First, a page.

Nowadays almost everyone (especially younger people) puts special importance into their social media activities. If your partner is less than 35 years old and tells you he or she does not have (or never had) any social media profile, chances are he or she is lying to you. If your partner is an active social media user but never posts pictures with you, you are probably about to get scammed.
Pay attention to the way his or her parents and siblings interact with you
It is extremely important that you meet your partner’s parents in person. In most cultures, parents would not tolerate that their child is only getting married for a Green Card. Be particularly careful if your partner tells you that he or she does not speak to his or her parents. In such a case, it is very possible that he or she is simply hiding the sham marriage plans from them.
In less frequent cases it is even possible that your partner’s parents approve the sham marriage plans (remember that your future in-laws can get a Green Card through their child once he or she becomes a U.S. citizen). In such complex scenarios, you may want to continue your inquiry with his or her siblings, and put his or her parents to the next test.
Formal marriage ceremony
I guarantee you that in the overwhelming majority of cultures, marriage is taken very seriously by someone’s parents. To make sure your partner (and his or her family) is being truthful to you, tell him or her that you (and your family) want to have a formal, religious ceremony. Almost all the scammers will try to convince you that they do not care about a religious ceremony, a white dress, and a formal reception with family and friend. If your partner would rather get married in a city hall (or courthouse) without family and friends, chances are he or she is scamming you.
Hang out with his or her friends as much as possible
Another good idea to sense your partner’s true intention is to hang out with his or her friends as much as possible. If your partner is with you just to marry you for a Green Card, you will sooner or later notice something unusual in his or her friends’ behavior. Be particularly careful if your partner tells you he or she does not have any friends, as he or she might just try to hide them from you.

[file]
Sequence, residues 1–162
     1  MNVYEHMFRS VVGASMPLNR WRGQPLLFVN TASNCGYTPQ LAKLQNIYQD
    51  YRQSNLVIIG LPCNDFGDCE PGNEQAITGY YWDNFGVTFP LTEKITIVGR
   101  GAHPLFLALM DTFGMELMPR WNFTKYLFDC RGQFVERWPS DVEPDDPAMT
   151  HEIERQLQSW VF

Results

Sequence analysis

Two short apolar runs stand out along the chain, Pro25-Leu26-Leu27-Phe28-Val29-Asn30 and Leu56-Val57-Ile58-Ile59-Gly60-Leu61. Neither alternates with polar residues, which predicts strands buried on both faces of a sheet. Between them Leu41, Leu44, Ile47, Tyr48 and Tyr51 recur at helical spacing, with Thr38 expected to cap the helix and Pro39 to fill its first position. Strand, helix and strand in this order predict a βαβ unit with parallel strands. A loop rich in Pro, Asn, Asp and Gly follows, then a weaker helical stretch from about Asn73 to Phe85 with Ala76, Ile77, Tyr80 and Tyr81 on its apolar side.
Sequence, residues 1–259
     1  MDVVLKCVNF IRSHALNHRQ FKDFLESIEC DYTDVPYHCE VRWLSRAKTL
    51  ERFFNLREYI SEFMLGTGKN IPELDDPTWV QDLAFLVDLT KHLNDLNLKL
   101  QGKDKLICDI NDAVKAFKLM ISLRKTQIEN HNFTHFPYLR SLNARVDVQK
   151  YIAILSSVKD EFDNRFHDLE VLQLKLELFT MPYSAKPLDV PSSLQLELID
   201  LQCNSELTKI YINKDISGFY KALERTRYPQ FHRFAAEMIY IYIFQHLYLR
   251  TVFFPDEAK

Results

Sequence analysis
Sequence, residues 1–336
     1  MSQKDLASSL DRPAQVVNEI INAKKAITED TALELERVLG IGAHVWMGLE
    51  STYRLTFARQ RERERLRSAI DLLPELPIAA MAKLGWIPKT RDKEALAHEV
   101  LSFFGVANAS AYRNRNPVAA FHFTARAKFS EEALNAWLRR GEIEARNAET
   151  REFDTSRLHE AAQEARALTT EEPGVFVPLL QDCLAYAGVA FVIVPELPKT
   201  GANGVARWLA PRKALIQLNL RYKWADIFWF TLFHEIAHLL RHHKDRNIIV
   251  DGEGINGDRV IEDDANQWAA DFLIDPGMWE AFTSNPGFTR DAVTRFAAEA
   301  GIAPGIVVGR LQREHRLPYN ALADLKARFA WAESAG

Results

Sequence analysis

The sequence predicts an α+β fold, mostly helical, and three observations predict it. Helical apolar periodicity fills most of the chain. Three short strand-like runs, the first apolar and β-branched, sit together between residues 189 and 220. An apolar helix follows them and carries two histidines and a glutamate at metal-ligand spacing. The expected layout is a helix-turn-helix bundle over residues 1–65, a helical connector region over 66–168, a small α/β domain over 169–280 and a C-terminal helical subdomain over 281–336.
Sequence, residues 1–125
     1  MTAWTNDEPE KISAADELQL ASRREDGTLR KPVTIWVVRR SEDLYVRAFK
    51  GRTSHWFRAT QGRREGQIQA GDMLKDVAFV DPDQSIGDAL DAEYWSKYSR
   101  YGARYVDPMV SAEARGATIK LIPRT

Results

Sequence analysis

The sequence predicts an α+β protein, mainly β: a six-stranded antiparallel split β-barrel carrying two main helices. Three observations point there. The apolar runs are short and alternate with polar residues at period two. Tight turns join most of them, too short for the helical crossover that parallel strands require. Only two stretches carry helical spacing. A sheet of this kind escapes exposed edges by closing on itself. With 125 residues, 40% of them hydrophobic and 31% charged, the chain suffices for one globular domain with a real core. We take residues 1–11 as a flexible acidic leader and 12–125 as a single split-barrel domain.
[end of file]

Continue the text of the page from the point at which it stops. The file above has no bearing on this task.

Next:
This is in my opinion the easiest way to test your partner’s true intentions. Even if you do not really plan on having children (or just not in the near future), you must ask your partner if he or she is ready to have children with you. In the vast majority of foreign cultures, a person will not have a child with someone he or she just want to use for a Green Card, especially if he or she is 30 years old or younger. If your partner tells you he or she is not ready to have children, don’t be afraid to tell him or her that you are not ready to marry. At that point, if he or she was really trying to scam you, he or she will most likely break up with you in a matter of weeks.
Walking away from a beautiful, younger partner takes a lot of guts. But remember, the pain you will suffer walking away from him or her now will be nothing compared to when you realize he or she had only married you for a Green Card.